HDMI was invented with a firm purpose: to banish once and for all the connection interfaces for analog and digital signals that preceded it in the consumer market. And it didn’t seem to take much effort to achieve this. By 2004, barely a year after its arrival, it was already firmly entrenched in the A/V market, and the demise not only of the SCART, the interface it was intended to replace but also of DVI, which at that time had been quite successful in A/V devices.
Since then its massive implementation not only in audio and video devices but also in many computer components has meant that we are all, to a greater or lesser extent, familiar with it. However, there are technologies associated with HDMI that have barely made their way among users. ARC is a good example of this. Despite how practical it is and how relatively easy it is to use. Let’s see what it is and what it can do for us.
We have talked about the HDMI connection interface on countless occasions. And, given its importance in the world of A/V, we are writing on it again. For this reason, the purpose of this post is not to repeat what we have already told you on other occasions, but to “put our finger on the sore spot”. And the sore spot, on this occasion, is the bidirectionality of the HDMI link.
Unlike the interfaces that preceded it, which, as you might expect, were much more limited from a functional point of view, HDMI allows the devices it links, such as a Blu-ray Disc player, a soundbar, and a TV, to “talk” to each other. This means that data does not flow only in a direction determined by the element that acts as the source and the one that acts as the receiver; information is transferred, when necessary, in both directions.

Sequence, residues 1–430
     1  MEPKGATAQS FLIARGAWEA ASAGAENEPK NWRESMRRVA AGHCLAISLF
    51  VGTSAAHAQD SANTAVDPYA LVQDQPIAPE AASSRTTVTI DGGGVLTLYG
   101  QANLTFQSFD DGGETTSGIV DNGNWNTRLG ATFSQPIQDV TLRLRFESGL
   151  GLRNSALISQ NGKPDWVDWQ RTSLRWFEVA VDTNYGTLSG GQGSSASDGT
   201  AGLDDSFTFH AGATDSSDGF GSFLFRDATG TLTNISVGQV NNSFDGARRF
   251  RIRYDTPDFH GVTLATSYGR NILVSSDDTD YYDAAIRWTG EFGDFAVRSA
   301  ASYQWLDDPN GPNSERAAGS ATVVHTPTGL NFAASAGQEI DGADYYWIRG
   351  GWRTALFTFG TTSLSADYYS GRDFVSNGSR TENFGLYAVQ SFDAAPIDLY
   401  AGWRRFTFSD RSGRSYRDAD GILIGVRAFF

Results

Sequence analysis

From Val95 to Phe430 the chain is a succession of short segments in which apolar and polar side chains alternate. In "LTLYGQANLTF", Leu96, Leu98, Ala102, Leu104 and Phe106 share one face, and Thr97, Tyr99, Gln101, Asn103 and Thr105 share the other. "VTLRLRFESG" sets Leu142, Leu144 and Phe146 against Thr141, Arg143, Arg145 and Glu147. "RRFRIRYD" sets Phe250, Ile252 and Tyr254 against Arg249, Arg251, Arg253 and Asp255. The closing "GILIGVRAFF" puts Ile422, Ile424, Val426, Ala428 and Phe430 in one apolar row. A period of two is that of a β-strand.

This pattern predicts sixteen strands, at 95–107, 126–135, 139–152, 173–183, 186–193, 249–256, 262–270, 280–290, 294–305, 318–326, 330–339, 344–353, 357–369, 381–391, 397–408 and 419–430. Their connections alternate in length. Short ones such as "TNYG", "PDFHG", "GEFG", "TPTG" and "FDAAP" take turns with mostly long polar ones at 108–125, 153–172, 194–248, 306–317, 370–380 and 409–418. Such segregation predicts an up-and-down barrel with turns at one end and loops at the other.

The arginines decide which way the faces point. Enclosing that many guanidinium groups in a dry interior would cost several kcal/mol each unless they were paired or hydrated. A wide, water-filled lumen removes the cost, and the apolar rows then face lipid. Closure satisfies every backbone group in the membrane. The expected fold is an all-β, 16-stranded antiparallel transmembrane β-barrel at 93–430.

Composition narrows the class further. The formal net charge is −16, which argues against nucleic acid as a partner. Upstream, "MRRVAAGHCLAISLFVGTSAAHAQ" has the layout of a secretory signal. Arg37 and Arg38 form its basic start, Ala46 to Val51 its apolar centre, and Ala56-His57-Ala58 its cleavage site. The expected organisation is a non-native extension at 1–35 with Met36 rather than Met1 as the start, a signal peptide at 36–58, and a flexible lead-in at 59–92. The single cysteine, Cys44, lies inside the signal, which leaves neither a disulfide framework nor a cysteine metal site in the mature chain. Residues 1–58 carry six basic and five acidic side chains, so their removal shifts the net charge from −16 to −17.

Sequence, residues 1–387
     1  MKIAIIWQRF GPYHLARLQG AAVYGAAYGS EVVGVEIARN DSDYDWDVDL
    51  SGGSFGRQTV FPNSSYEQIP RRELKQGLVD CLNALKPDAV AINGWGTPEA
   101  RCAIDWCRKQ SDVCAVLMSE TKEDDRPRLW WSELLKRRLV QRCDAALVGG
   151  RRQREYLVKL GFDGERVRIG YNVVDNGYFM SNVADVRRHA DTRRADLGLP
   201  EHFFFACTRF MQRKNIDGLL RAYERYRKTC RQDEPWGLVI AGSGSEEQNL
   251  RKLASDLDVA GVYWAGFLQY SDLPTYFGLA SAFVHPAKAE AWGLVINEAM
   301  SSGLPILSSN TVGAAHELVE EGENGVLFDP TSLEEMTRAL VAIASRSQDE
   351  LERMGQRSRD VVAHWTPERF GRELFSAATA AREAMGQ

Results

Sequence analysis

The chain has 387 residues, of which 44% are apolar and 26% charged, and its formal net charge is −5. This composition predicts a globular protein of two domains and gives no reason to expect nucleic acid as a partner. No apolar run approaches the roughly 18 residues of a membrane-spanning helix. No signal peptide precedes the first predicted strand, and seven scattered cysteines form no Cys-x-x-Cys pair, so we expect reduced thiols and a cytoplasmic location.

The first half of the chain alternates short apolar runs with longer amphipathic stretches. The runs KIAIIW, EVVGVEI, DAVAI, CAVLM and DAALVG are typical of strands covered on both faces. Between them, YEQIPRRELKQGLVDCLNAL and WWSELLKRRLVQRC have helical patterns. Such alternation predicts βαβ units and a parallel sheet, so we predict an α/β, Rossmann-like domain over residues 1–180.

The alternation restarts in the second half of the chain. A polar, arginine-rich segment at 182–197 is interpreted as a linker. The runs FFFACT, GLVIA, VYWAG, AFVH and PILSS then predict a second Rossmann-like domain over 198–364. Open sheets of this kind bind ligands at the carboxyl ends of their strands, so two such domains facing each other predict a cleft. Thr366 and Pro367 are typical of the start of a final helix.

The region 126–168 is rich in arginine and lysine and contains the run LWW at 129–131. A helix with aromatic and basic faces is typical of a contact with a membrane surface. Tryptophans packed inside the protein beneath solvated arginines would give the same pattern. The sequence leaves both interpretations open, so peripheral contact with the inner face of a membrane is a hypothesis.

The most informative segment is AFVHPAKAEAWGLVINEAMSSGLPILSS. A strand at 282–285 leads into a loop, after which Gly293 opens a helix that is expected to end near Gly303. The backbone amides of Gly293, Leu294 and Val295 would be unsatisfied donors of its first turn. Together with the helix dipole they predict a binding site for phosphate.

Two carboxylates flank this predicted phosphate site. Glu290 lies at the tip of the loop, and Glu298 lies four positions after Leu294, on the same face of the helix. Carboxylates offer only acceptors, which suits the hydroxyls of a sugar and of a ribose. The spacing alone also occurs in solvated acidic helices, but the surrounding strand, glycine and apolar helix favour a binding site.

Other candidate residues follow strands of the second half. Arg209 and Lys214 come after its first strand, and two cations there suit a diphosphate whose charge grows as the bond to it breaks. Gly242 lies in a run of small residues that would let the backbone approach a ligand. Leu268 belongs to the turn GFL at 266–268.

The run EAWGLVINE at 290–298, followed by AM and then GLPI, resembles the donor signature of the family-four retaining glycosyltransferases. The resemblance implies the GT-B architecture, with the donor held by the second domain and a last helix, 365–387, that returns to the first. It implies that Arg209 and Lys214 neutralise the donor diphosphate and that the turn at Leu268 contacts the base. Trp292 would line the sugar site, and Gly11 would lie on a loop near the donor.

This functionality makes possible the existence of protocols such as CEC and, above all, ARC, which is the one that concerns us most. Its implementation is based on the presence in the HDMI interface of two channels, one TMDS (Transition-minimized differential signaling), and the other for the CEC (Consumer Electronics Control) protocol.
The first of these, TMDS, is nothing more than a high-speed data transmission technique over a serial link. This channel is not only present in HDMI; it is also used by DVI. Its importance lies in the fact that it is responsible for transporting the video, audio, and signaling data necessary for content to flow from the source (the device that reads it) to the destination (the element that plays it).